Article

The complete genome of Teredinibacter turnerae T7901: an intracellular endosymbiont of marine wood-boring bivalves (shipworms).

Ocean Genome Legacy Inc, Ipswich, MA, USA.
PLoS ONE (Impact Factor: 3.53). 02/2009; 4(7):e6085. DOI: 10.1371/journal.pone.0006085
Source: PubMed

ABSTRACT Here we report the complete genome sequence of Teredinibacter turnerae T7901. T. turnerae is a marine gamma proteobacterium that occurs as an intracellular endosymbiont in the gills of wood-boring marine bivalves of the family Teredinidae (shipworms). This species is the sole cultivated member of an endosymbiotic consortium thought to provide the host with enzymes, including cellulases and nitrogenase, critical for digestion of wood and supplementation of the host's nitrogen-deficient diet. T. turnerae is closely related to the free-living marine polysaccharide degrading bacterium Saccharophagus degradans str. 2-40 and to as yet uncultivated endosymbionts with which it coexists in shipworm cells. Like S. degradans, the T. turnerae genome encodes a large number of enzymes predicted to be involved in complex polysaccharide degradation (>100). However, unlike S. degradans, which degrades a broad spectrum (>10 classes) of complex plant, fungal and algal polysaccharides, T. turnerae primarily encodes enzymes associated with deconstruction of terrestrial woody plant material. Also unlike S. degradans and many other eubacteria, T. turnerae dedicates a large proportion of its genome to genes predicted to function in secondary metabolism. Despite its intracellular niche, the T. turnerae genome lacks many features associated with obligate intracellular existence (e.g. reduced genome size, reduced %G+C, loss of genes of core metabolism) and displays evidence of adaptations common to free-living bacteria (e.g. defense against bacteriophage infection). These results suggest that T. turnerae is likely a facultative intracellular ensosymbiont whose niche presently includes, or recently included, free-living existence. As such, the T. turnerae genome provides insights into the range of genomic adaptations associated with intracellular endosymbiosis as well as enzymatic mechanisms relevant to the recycling of plant materials in marine environments and the production of cellulose-derived biofuels.

0 Bookmarks
 · 
325 Views
  • [Show abstract] [Hide abstract]
    ABSTRACT: Summary form only given, as follows. For heavy ion beams to be successful as a driver for inertial confinement fusion targets it must be possible to project a very high beam over several meters in the reactor chamber onto a spot a few millimeters in diameter. This is physically possible with ions of mass A ~ 200, energy ~ 10 GeV, and very low charge state 1-2. However, the technology is easier if beam space charge effects can be reduced without excessive increase in beam emittance. Using an electromagnetic, r-z PIC (particle-in-cell) code called BICrz, the author is modeling the processes by which an unneutralized ion beam from the accelerator becomes partially neutralized, by entraining electrons from a preexisting plasma cloud or produced by collisional ionization of chamber vapor, or perhaps other mechanisms. With focal spot size in mind, the degree of neutralization at the front and back of the pulse, and nonlinearity of the radial fields are measured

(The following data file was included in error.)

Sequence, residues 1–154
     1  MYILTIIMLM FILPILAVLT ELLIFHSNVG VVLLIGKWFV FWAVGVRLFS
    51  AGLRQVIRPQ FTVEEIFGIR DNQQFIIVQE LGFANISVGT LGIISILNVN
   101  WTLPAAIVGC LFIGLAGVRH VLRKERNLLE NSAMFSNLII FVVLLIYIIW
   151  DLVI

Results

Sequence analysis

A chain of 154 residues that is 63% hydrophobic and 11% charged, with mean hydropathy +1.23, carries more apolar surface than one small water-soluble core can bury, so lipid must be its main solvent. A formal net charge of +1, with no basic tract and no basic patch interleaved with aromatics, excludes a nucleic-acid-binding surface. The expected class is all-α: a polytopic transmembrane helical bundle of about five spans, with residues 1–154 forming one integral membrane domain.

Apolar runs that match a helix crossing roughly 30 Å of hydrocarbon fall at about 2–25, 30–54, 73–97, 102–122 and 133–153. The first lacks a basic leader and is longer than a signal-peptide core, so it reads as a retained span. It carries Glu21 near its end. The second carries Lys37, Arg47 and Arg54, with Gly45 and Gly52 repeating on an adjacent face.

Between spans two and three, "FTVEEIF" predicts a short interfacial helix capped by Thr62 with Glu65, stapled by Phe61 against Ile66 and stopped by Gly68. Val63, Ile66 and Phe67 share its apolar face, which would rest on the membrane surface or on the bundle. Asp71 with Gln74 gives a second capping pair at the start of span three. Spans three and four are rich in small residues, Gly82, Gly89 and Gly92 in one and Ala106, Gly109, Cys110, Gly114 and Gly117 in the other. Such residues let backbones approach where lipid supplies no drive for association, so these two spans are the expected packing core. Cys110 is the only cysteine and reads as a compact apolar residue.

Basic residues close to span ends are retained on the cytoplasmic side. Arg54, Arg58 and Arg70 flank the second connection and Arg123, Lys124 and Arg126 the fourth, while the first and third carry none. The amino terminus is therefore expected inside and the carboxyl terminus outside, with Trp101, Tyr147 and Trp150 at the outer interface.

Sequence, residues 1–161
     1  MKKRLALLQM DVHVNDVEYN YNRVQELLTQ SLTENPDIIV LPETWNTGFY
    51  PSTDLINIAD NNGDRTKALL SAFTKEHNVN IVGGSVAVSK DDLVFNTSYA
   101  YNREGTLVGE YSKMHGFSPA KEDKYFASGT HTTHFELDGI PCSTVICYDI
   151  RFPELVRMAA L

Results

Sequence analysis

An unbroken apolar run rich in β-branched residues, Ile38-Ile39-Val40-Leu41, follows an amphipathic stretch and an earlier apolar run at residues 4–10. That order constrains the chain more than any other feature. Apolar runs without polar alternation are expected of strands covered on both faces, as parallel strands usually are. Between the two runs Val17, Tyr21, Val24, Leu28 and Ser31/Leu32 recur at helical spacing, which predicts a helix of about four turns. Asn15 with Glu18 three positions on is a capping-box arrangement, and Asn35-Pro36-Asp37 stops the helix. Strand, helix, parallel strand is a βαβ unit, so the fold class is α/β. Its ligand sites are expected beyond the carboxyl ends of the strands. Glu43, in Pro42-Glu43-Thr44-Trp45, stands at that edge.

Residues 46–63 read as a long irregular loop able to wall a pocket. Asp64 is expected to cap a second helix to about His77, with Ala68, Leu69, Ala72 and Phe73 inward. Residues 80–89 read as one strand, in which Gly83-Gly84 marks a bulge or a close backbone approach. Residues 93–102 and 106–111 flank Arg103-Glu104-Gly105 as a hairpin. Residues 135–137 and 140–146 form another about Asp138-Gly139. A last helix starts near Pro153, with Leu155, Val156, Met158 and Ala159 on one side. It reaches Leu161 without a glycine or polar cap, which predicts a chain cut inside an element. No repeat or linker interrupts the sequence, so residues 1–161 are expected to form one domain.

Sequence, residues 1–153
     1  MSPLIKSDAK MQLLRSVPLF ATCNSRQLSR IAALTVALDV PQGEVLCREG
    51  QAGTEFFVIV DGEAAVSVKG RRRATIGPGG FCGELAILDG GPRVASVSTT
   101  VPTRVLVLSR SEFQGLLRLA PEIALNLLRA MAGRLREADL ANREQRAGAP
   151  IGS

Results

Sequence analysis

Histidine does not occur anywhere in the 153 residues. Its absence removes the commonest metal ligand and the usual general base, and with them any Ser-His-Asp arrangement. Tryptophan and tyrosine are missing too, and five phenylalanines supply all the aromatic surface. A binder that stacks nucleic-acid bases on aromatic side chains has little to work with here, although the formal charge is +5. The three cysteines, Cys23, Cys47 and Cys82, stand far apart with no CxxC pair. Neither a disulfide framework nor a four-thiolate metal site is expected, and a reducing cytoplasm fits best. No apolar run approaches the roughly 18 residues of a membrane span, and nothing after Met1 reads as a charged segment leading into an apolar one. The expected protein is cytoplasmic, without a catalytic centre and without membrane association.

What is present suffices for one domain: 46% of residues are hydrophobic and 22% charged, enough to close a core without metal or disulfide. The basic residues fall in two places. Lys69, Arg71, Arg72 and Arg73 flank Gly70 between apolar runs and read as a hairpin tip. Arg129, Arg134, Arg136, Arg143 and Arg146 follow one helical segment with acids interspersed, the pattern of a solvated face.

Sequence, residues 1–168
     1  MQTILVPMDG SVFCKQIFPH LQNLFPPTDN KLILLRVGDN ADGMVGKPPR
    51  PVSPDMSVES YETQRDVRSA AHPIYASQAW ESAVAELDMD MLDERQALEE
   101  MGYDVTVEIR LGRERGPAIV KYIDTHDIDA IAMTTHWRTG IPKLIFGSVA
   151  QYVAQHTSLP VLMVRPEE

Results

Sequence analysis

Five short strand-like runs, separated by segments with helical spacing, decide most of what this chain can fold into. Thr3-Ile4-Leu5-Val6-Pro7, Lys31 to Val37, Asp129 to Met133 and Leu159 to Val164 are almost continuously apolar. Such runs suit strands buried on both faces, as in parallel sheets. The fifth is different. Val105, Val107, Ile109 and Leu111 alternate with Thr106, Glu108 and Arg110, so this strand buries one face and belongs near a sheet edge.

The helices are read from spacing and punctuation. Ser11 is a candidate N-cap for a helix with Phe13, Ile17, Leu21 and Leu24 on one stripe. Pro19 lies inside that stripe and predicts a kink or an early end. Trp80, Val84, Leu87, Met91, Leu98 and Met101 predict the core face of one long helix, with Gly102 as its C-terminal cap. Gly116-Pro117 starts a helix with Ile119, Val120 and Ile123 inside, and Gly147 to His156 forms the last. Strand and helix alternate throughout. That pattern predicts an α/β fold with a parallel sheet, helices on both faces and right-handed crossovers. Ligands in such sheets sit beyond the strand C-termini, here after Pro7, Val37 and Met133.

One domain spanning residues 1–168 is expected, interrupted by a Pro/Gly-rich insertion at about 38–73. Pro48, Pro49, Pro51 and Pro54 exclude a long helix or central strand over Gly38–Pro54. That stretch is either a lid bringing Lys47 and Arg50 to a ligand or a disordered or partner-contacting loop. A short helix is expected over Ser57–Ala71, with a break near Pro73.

Plasma Science, 1993. IEEE Conference Record - Abstracts., 1993 IEEE International Conference on; 07/1993
  • Source
  • Source
    [Show abstract] [Hide abstract]
    ABSTRACT: The cornerstones of sunken wood ecosystems are microorganisms involved in cellulose degradation. These can either be free-living microorganisms in the wood matrix or symbiotic bacteria associated with wood-boring bivalves such as emblematic species of Xylophaga, the most common deep-sea woodborer. Here we use experimentally submerged pine wood, placed in and outside the Mediterranean submarine Blanes Canyon, to compare the microbial communities on the wood, in fecal pellets of Xylophaga spp. and associated with the gills of these animals. Analyses based on tag pyrosequencing of the 16S rRNA bacterial gene showed that sunken wood contained three distinct microbial communities. Wood and pellet communities were different from each other suggesting that Xylophaga spp. create new microbial niches by excreting fecal pellets into their burrows. In turn, gills of Xylophaga spp. contain potential bacterial symbionts, as illustrated by the presence of sequences closely related to symbiotic bacteria found in other wood eating marine invertebrates. Finally, we found that sunken wood communities inside the canyon were different and more diverse than the ones outside the canyon. This finding extends to the microbial world the view that submarine canyons are sites of diverse marine life.
    PLoS ONE 01/2014; 9(5):e96248. · 3.53 Impact Factor

Full-text (2 Sources)

View
34 Downloads
Available from
May 20, 2014